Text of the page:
Madeleine and Tora met by chance in the summer of 2008 while participating in a nonprofit event for the Loving Day Project -- an organization which aims to fight racial prejudice and build multicultural community. The couple, who share mixed Japanese heritages (she grew up in Japan and America; he grew up in Turkey and Singapore) and a love of travel knew instantly that they wanted to spend their lives together.
And so, two years after their initial meeting, they married at her family's farm in Kentucky.
With help from Amanda Diamondstein-Cieplinska of Stellina Events, the bride's mother, Mary, and stepfather, James (they run a catering company together), Madeleine and Tora planned their dream wedding in just under five months. Set in the Appalachian mountains of eastern Kentucky, they chose the bride's grandparents' farm as their wedding location.
As a child growing up in Japan, Madeleine would journey to the farm during the summertime; her fond memories of the time spent together with her grandparents played a big part in the decision to hold the wedding there. Years later, on a trip back to Kentucky for Thanksgiving, the couple viewed Madeleine's grandparents' wedding announcement describing their modest wartime nuptials. Detailing the simple cake and tea served after the ceremony and the minimal bridal party, the darling and intimate sensibility also influenced the couple's wedding.
The couple selected the "Enchanting Forest" invitation by DwellStudio for Wedding Paper Divas. The design incorporated birds, which Tora grew up loving in Singapore (where people take their feathered friends to cafes). Madeleine and Tora also loved the symbolism of the birds flying away from home, as they had both come from different cultures and made a new home together, starting with their little ceremony out in the woods.
Madeleine grew up spending time in Lexington, Kentucky, but the couple now live in New York City (with their cat, Cleo). Most of the guests flew in for the nuptials.
Guests stayed downtown in the historic Gratz Park Inn and were driven though horse country on the way to the rehearsal dinner at the Holly Hill Inn. To top it off, a tour of the Woodford Reserve bourbon distillery was also organized, while buckets from the local KFC were filled with Blue Monday candy bars from Ruth Hunt Candies, a bottle of Ale-8-One soda, Weisenberger Mill corn muffin mix, a postcard of My Old Kentucky Home, and a mini bottle of bourbon, and were given to guests as a warm welcome.
Madeleine gave her mother a handkerchief as a small token of her love and appreciation.
She also gave her maid of honor a pink handkerchief to coordinate with her ensemble. And as the "something blue," Tora purchased a blue handkerchief for his bride to have on their wedding day.
The Japanese handkerchiefs were found at Kiteya Soho in New York City.
With the guidance of Amanda Diamondstein-Cieplinska, Madeleine and Tora posed for photographer Jen Huang in a few picturesque spots around the property: on the front path of the farm, in the neighboring fields, in the forest, and down by the pond.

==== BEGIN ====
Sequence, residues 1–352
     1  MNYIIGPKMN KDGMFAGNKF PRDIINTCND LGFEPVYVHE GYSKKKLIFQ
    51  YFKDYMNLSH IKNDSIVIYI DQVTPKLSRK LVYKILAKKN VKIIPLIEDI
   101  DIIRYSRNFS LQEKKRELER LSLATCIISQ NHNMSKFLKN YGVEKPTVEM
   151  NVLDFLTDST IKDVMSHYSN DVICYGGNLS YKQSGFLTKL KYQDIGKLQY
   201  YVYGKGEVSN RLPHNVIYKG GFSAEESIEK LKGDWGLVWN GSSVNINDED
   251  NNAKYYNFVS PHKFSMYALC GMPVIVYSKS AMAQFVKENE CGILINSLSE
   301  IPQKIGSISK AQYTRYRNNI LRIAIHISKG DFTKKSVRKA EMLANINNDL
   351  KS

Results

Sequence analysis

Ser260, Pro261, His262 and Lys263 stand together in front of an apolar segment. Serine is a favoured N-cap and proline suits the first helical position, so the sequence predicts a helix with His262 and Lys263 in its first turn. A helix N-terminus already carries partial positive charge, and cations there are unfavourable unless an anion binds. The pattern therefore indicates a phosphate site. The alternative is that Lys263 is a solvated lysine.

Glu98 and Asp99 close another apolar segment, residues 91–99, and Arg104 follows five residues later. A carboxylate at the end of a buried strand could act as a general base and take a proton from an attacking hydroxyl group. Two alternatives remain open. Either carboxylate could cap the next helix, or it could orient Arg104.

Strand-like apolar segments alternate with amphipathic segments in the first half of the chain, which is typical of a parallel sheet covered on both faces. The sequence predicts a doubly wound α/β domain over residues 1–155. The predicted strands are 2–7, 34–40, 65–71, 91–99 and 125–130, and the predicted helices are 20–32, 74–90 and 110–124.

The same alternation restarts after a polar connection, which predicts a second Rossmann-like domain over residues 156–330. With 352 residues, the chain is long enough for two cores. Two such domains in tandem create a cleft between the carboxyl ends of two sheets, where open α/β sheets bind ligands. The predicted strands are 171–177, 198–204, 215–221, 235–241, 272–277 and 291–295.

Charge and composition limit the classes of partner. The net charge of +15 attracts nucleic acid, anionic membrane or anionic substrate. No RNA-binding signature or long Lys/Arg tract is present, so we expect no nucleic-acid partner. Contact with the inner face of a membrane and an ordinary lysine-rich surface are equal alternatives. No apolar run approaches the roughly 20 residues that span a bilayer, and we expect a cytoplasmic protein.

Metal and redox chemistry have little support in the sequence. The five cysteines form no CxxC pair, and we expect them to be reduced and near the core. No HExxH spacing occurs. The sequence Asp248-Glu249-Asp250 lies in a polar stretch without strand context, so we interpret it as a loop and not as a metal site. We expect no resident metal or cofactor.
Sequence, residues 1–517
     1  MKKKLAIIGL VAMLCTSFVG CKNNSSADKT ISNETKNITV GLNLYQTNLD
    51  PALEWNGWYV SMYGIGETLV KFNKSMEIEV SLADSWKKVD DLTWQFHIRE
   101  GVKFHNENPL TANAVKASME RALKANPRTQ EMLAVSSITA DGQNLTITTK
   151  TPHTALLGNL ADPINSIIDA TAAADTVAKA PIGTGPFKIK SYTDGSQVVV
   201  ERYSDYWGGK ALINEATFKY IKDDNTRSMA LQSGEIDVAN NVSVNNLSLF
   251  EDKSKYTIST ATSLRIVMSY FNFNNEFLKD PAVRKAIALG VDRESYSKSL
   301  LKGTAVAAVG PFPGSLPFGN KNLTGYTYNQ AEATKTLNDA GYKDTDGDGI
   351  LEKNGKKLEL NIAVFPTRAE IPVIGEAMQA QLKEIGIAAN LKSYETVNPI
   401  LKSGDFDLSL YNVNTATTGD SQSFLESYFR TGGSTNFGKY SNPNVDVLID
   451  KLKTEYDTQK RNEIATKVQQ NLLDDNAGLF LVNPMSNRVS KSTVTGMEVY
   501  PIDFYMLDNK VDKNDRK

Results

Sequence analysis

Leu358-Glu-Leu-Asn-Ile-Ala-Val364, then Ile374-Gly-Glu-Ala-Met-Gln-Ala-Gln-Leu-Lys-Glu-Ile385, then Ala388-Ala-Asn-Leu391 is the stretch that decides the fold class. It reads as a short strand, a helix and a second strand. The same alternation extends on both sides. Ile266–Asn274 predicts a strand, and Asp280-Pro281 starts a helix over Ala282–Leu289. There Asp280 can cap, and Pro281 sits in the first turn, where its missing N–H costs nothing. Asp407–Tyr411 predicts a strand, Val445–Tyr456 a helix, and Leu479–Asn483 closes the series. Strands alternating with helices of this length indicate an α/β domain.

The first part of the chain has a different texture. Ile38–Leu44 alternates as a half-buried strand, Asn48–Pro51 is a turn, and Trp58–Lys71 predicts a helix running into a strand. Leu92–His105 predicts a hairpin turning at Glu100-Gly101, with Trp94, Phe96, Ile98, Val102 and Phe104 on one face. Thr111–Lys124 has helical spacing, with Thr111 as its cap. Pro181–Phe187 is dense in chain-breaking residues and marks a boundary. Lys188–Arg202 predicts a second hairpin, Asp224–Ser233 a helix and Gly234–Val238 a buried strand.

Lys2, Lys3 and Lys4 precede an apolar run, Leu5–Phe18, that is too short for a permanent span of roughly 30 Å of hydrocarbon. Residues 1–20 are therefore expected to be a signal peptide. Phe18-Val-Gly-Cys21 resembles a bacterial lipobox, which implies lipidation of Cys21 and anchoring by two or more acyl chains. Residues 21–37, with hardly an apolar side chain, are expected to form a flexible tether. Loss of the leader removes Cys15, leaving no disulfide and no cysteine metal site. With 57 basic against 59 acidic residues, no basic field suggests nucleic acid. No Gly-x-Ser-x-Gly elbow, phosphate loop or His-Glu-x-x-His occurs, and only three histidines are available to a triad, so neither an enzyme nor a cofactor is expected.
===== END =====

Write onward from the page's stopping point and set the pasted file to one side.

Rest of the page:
The bride wore a J.Crew gown and Aldo flats. Her pearl necklace was from Teishin Trading Company -- a store that has been a part of her family for three generations. The groom wore a morning suit from Baldwin Formals. Amanda suggested parasols as a fun and fitting prop.
Madeleine and Tora asked their friends to gather around, as they wanted them to be close during the ceremony. The guests naturally created an aislelike formation. "I feel that it was a beautiful arrangement because we were able to see all of our friends' faces down the path as we recited our vows," Madeleine says.
The couple chose the path as a symbol of their journey together and as a reminder of a special moonlit walk during their first trip to the cabin. They kept their ceremony short but sweet. The bride's friend Margo read e.e. cummings' "i carry your heart with me"; Madeleine and Tora wrote their own vows.
The couple exchanged rings from Gelber and Mundy Jewelry Company.
The vision for the reception -- aside from being elegant and intimate -- was that of an oasis in the woods. Bone china and silver sat atop pink linens, and the band, the Swells, played an assortment of New Orleans jazz, ragtime swing, and original songs.
Guests were free to roam through the woods and down to the pond built by Madeleine's grandfather.
The menu was designed to combine the couple's favorite Japanese and Turkish dishes. Vegetarian sushi and lamb meatballs with tzatziki sauce were passed during cocktails, followed by butter lettuce with avocado slices, red onion, and grapefruit segments with a raspberry vinaigrette. The main course included chicken and beef skewers, blackened miso cod, bulgur wheat salad with walnuts and currants, and grilled seasonal vegetables. Harriet DuPree of DuPree Catering created and executed the menu.
Guests sipped form a selection of red and white wines, prosecco, cocktails, and Kentucky Bourbon Barrel Ale (a local favorite).
Created by Martine's Pastries, the three-tier cake was covered in Grand Marnier-flavored French buttercream. Inside were three different tiers: white butter cake with Chambord mousse filling, white butter cake with apricot filling, and chocolate mousse cake with hazelnut mousse filling.
The molded sugar flowers were light pink rosebuds, mini roses, and stephanotis.
"I love the imagery of two plump birds happily perched on a branch together," Madeleine says.
Photography: Jen Huang Photography
Wedding Styling and Consulting: Amanda Diamondstein-Cieplinska of Stellina Events
Wedding Planning: Mary Kanai and James Brashear of Peddler's Fork Village
Rentals: Bryant's Rental-All Inc.; Bash Event Coordinating
Ceremony Music: The Karp Family, 859-327-6507
Hair and Makeup: Leigh-Ann Mims of Voce salon, 859-252-8623
Bartending: Glitza Elite, 859-229-4964
Florist: Bonnie Dowler of Stems, 859-252-5601